Where To Buy Prescription Drugs [PORTABLE]
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where to buy prescription drugs
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Not all websites are the same. The U.S. Food and Drug Administration warns that there are many unsafe online pharmacies that claim to sell prescription drugs at deeply discounted prices, often without requiring a prescription. These internet-based pharmacies often sell unapproved, counterfeit or otherwise unsafe medicines outside the safeguards followed by licensed pharmacies.
Earlier this year, the Governor announced that the counties of Los Angeles, Santa Clara, Alameda and San Francisco, among the largest public purchasers of prescription drugs in California, will partner with the state to use our combined market power to take on drug companies and lower the cost of prescription drugs.
Buying prescription drugs from other countries is one way some Americans have coped with rising drug prices. A new University of Florida study, published today in JAMA Network Open, finds that 1.5% percent of adults, or more than 2 million Americans, purchase their prescription drugs from outside the U.S. to save money.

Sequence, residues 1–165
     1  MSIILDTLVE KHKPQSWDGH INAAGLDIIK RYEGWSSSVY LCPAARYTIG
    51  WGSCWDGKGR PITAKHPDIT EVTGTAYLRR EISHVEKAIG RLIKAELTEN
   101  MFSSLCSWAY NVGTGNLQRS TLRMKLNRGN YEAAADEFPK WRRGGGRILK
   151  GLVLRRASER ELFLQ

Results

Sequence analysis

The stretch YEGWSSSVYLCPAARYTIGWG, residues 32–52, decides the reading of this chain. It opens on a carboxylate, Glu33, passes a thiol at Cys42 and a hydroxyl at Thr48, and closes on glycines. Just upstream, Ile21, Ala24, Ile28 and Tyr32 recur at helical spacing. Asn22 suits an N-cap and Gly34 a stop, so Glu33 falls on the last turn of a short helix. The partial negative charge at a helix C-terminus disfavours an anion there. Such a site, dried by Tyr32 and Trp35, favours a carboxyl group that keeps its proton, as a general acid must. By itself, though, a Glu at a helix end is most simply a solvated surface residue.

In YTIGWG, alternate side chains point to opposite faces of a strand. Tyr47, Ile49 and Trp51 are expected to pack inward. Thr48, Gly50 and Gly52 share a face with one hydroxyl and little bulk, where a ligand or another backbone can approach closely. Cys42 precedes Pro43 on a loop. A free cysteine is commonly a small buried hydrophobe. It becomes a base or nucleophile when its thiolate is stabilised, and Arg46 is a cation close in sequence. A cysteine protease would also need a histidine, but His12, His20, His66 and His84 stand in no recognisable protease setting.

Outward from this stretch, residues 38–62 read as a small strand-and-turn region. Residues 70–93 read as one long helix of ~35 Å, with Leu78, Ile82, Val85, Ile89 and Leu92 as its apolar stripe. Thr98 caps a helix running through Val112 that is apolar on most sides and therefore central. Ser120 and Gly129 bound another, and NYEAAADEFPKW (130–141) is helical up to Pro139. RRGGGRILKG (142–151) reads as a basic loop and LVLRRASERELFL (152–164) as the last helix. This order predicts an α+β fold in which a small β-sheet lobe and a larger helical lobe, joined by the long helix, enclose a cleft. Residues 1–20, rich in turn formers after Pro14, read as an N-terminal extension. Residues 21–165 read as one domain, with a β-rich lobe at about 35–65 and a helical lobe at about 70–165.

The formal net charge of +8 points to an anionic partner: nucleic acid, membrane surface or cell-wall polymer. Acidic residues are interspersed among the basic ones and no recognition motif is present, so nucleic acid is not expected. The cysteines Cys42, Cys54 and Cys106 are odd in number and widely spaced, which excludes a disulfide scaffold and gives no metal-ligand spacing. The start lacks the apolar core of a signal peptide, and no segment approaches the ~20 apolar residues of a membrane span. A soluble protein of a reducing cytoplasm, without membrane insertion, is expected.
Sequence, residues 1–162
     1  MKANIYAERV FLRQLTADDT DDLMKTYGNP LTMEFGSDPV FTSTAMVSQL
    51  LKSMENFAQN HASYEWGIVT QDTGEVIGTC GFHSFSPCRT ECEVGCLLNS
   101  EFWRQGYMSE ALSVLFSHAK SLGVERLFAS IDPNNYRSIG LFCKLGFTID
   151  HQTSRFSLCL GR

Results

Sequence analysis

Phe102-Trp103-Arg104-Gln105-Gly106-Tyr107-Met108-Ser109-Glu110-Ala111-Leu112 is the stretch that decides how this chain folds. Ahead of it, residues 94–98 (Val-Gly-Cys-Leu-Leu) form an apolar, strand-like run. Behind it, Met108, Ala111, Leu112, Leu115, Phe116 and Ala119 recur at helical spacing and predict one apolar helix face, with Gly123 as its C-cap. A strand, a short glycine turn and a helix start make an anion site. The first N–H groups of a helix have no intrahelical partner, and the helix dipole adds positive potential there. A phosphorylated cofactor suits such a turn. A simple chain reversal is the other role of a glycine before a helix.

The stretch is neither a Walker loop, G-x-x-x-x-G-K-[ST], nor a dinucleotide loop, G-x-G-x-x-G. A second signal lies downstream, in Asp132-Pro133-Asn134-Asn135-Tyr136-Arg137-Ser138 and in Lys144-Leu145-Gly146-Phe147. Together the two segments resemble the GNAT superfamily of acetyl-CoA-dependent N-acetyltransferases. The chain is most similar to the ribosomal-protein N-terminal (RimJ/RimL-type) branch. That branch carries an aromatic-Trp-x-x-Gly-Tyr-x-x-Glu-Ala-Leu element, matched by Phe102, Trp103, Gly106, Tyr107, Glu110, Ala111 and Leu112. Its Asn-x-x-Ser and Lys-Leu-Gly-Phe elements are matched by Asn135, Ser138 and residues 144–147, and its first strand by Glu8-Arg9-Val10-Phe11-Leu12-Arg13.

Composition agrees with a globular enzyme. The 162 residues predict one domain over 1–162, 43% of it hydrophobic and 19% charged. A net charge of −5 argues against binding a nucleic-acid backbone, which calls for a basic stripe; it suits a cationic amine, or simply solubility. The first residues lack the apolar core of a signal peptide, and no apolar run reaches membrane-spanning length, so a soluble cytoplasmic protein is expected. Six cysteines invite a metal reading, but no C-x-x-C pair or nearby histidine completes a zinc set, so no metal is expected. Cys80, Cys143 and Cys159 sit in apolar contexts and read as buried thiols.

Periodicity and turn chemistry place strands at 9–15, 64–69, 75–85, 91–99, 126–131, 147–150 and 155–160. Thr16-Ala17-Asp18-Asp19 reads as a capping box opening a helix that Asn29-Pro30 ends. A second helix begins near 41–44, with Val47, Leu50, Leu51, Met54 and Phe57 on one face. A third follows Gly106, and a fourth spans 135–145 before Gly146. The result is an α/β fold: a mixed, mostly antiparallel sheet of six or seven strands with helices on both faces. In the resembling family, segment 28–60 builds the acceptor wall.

The UF researchers caution that with the rapid growth in unemployment related to the COVID-19 pandemic and subsequent loss of health insurance, the number of Americans searching for cheaper prescription drugs is likely to rise. Their findings may actually be an underestimation.
Last year, the Trump administration announced plans to allow importation of drugs from Canada in an effort to stimulate price competition. The U.S. Food and Drug Administration introduced the Safe Importation Action Plan, with proposed pathways to allow for the safe importation of drugs originally intended for foreign markets. If finalized, the plan would permit U.S. consumers to purchase certain drugs from Canada.
Safety is a real concern with purchases of international drugs, UF researchers say. The World Health Organization conservatively estimates that 1 in 10 medications sold in the world are substandard or falsified.